Bilingual Exhibition Traces History of New York Salsa From Local Dance Movement to Global Phenomenon
NOW ON VIEW: WEDNESDAY, JUNE 14 – SUNDAY, NOVEMBER 26, 2017
The Museum of the City of New York presents its highly anticipated bilingual exhibition Rhythm and Power: Salsa in New York. The first ever museum exhibition to trace the history of salsa – a quintessentially New York cultural development – from a local dance movement to a worldwide phenomenon, Rhythm and Power illuminates how the diversity of New York City gave rise to salsa, an up-tempo combination of percussive Latin music and poly-rhythmic, Afro-Caribbean infused dance. A multi-ethnic network of New York musicians and dancers, mostly of Puerto Rican and Cuban descent, developed this distinct genre by experimenting with a fusion of musical traditions from the United States, Cuba, and throughout the Americas.
“The Museum’s mission is to celebrate and interpret New York City, so we often highlight how the city’s unparalleled diversity gives rise to unmatched creativity,” said Whitney Donhauser, Ronay Menschel Director of the Museum of the City of New York. “The rise of salsa might just be the most fun and vibrant example of New York’s diversity that we’ve ever put on display, and I am thrilled to welcome New Yorkers and tourists alike to join us and explore the rhythms of our city here at the Museum this summer.”
Salsa was born on dense city streets, where an artistic movement arose amidst the political and social activism of the 1960s. Ambitious artists soon infused the new sounds into New York City nightlife. The foundation laid in the 1960s and 1970s served as a basis for the changing artistic practices over the following decades, as salsa spread to dance studios and increasingly popular recorded music. By the 1970s, creativity met business, as savvy record labels and media outlets, led by New York’s Fania Records, marketed “salsa” as an umbrella term for related but distinct musical genres.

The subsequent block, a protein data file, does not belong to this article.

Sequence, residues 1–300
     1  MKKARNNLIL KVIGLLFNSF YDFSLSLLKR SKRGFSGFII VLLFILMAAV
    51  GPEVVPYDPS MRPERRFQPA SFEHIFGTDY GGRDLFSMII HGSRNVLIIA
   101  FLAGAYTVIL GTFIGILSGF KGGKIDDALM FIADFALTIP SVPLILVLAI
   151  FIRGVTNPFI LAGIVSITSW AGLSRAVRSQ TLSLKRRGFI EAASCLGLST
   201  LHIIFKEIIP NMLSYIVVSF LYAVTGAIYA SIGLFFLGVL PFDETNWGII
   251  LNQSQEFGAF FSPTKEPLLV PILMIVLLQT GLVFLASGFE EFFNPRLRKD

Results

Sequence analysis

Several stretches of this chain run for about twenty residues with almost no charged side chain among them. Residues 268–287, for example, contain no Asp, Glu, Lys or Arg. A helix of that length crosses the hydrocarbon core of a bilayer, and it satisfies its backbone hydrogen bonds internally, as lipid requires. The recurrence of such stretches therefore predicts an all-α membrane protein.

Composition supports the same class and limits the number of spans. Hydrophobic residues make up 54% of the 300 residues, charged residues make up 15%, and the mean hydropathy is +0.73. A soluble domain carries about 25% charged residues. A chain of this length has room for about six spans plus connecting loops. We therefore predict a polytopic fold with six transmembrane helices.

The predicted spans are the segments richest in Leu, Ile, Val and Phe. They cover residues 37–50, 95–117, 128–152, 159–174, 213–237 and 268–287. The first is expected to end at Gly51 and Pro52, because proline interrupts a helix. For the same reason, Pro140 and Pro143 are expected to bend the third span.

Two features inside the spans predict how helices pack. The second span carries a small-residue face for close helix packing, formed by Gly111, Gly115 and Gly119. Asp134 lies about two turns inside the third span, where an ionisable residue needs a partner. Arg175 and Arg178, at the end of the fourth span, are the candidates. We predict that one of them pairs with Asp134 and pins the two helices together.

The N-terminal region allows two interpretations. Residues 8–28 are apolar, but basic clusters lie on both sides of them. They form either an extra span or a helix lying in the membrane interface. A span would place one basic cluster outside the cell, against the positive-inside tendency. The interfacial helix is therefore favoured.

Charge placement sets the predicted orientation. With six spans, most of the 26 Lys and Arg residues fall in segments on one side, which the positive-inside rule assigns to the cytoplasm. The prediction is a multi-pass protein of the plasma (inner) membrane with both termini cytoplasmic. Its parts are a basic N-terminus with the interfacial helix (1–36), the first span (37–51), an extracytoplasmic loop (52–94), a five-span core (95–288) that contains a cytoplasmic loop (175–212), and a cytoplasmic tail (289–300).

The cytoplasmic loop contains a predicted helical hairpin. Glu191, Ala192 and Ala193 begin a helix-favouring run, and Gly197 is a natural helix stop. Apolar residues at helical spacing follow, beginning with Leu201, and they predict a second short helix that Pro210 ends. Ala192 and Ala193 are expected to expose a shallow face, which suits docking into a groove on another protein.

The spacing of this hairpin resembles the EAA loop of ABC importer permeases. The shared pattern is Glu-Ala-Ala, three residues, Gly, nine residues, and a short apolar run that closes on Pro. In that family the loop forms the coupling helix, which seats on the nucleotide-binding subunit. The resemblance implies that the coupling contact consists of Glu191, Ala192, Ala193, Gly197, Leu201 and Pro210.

Rhythm and Power traces the musical genre from its infancy as a local movement to a global phenomenon. “Power” signifies the momentary liberation that dancing brings, as well as the immense popularity – and commercial success – that the genre generated. The exhibition also points to salsa as a powerful vehicle for multi-national, multi-ethnic solidarity inspired by the passionate lyrics of artists who evoke a reality where rhythm and fellowship are available to everyone. To celebrate and welcome the multiculturalism of New York as a city and salsa as a movement, the exhibition is fully bilingual, presented in both English and Spanish.
“The mercurial rise of salsa in New York was made possible only through the combination of an unprecedented cultural moment and the unbelievable diversity of the city’s musical scene,” said curator Derrick Léon Washington. “At a time when multiple Latino communities sought to assert themselves socially and politically, New York City provided a setting for different sounds and styles – including the musical virtuosity of the Cuban rumba; the raw energy of Puerto Rican bomba; the communal solidarity that arose in the charged spaces of the plena from Ponce, Puerto Rico; the velvety smooth harmonies of Latin boogaloo; and the growing presence of Dominican palo – to fuse together and become a new creation that would change the course of music history.”